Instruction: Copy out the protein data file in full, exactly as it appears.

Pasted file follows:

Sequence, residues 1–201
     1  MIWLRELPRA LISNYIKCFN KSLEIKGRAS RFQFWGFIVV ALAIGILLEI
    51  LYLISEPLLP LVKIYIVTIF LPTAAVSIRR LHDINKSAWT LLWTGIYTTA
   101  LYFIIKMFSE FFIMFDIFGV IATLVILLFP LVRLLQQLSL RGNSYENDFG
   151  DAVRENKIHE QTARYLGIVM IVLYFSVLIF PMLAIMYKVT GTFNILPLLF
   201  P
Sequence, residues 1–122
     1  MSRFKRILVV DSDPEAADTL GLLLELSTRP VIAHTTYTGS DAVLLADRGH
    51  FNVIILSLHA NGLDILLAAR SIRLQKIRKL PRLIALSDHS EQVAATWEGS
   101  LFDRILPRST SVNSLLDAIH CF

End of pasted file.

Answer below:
Sequence, residues 1–201
     1  MIWLRELPRA LISNYIKCFN KSLEIKGRAS RFQFWGFIVV ALAIGILLEI
    51  LYLISEPLLP LVKIYIVTIF LPTAAVSIRR LHDINKSAWT LLWTGIYTTA
   101  LYFIIKMFSE FFIMFDIFGV IATLVILLFP LVRLLQQLSL RGNSYENDFG
   151  DAVRENKIHE QTARYLGIVM IVLYFSVLIF PMLAIMYKVT GTFNILPLLF
   201  P
Sequence, residues 1–122
     1  MSRFKRILVV DSDPEAADTL GLLLELSTRP VIAHTTYTGS DAVLLADRGH
    51  FNVIILSLHA NGLDILLAAR SIRLQKIRKL PRLIALSDHS EQVAATWEGS
   101  LFDRILPRST SVNSLLDAIH CF